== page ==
It may not look like an arch-villain’s bunker – but this luxury £1 million home was designed by the real-life Goldfinger.
Whitley Piece is not packed with bullion or bristling with lasers but is instead a six-bedroom home in Henley-in-Arden.
It was designed by Hungrian-born architect Ernö Goldfinger, who went down in literary history when Ian Fleming gave his surname to one of James Bond’s best-known foes.
Goldfinger was said to have enraged Fleming when he knocked down an old terraced house in London’s posh Hampstead, to make way for his own home.
The dispute turned nasty when the architect called in his lawyers. The case was settled when Fleming’s publishers agreed to pay Goldfinger’s costs and give him six copies of the book.
But he reportedly suffered more misery when the book was turned into a film, with callers ringing in the middle of the night to perform bad Sean Connery impressions down the phone.
Whitley Piece’s owners, Frank and Judy Mackay, were unaware of its Bond link when they bought it 40 years ago. “Some years after we bought it we were visited, out of the blue, by a Colonel Fletcher who commissioned Goldfinger to design it in 1947,” they said.
“He asked to have a look round and told us of the connection.
“We haven’t had any visits from fans of James Bond but we have from architectural historians.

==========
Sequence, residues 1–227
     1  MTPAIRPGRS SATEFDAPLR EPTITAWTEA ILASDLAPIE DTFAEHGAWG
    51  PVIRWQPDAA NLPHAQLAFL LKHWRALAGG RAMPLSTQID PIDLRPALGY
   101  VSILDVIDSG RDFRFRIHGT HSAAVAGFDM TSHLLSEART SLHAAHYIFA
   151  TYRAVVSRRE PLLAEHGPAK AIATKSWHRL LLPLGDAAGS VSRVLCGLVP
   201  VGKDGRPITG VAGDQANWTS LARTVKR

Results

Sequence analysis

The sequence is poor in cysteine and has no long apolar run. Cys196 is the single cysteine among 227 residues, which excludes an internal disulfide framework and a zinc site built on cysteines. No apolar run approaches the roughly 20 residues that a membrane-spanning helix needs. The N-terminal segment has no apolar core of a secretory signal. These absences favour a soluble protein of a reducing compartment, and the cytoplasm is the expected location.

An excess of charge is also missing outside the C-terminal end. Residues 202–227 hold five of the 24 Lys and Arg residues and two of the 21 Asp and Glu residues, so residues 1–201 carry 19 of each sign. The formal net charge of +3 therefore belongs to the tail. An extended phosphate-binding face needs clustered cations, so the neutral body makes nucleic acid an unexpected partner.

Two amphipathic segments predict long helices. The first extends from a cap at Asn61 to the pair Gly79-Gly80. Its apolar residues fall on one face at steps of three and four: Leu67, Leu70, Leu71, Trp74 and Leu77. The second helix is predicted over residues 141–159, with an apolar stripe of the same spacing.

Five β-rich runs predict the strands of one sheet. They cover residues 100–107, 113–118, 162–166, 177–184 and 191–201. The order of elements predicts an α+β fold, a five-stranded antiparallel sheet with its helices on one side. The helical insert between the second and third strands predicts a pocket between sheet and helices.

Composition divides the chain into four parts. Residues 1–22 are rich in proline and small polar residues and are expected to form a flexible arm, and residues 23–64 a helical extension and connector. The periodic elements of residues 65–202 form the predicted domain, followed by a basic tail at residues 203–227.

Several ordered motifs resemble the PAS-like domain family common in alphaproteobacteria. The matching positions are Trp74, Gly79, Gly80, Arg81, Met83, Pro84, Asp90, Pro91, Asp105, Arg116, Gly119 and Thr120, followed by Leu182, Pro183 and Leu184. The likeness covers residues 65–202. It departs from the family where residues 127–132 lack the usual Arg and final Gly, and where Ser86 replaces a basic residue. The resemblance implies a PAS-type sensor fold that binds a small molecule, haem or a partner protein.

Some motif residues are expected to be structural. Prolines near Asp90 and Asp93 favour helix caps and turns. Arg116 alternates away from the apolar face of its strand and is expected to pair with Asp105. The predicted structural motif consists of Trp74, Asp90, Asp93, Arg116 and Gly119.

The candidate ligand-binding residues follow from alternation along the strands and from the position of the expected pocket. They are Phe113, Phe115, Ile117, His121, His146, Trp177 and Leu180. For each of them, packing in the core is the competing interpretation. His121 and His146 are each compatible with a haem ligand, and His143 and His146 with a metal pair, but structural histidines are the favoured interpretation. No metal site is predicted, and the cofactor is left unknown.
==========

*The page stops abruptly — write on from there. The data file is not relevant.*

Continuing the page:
“For us this has just been a fantastic family home.”
Goldfinger was notorious for his uncompromising, modernist architecture. He operated mainly in London but he also worked on a rough concrete office building for Carr & Co in Shirley.
David Savigar, branch manager of the John Shepherd office, in Hockley Heath, welcomed the property’s unique association.
“The connection is fantastic,” he said. “It is nice to have a story that goes with it that gives an insight into the architect. We don’t mind if a few Bond aficionados turn up. Flow is always a good thing.”
Though the house is very private – as all good lairs should be – its location on Blackford Hill gives it a commanding view.
“That’s the next takeover plot,” joked Mr Savigar. “First Henley-in-Arden, tomorrow the world.”